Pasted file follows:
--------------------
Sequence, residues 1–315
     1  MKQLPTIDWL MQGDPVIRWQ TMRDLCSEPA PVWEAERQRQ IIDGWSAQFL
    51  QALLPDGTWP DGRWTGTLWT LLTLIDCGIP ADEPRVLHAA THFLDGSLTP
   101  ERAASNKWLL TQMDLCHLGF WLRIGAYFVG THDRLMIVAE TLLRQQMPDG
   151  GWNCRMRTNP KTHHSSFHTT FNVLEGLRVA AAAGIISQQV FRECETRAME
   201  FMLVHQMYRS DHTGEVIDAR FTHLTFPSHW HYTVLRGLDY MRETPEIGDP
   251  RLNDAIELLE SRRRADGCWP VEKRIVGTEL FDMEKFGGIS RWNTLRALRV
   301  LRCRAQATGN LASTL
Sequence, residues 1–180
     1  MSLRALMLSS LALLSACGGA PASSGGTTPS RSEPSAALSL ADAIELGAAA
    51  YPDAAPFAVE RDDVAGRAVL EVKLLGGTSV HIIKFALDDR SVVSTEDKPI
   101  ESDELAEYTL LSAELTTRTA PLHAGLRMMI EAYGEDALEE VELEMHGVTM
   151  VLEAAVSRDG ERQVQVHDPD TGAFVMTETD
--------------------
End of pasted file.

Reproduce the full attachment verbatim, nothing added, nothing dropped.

Sequence, residues 1–315
     1  MKQLPTIDWL MQGDPVIRWQ TMRDLCSEPA PVWEAERQRQ IIDGWSAQFL
    51  QALLPDGTWP DGRWTGTLWT LLTLIDCGIP ADEPRVLHAA THFLDGSLTP
   101  ERAASNKWLL TQMDLCHLGF WLRIGAYFVG THDRLMIVAE TLLRQQMPDG
   151  GWNCRMRTNP KTHHSSFHTT FNVLEGLRVA AAAGIISQQV FRECETRAME
   201  FMLVHQMYRS DHTGEVIDAR FTHLTFPSHW HYTVLRGLDY MRETPEIGDP
   251  RLNDAIELLE SRRRADGCWP VEKRIVGTEL FDMEKFGGIS RWNTLRALRV
   301  LRCRAQATGN LASTL
Sequence, residues 1–180
     1  MSLRALMLSS LALLSACGGA PASSGGTTPS RSEPSAALSL ADAIELGAAA
    51  YPDAAPFAVE RDDVAGRAVL EVKLLGGTSV HIIKFALDDR SVVSTEDKPI
   101  ESDELAEYTL LSAELTTRTA PLHAGLRMMI EAYGEDALEE VELEMHGVTM
   151  VLEAAVSRDG ERQVQVHDPD TGAFVMTETD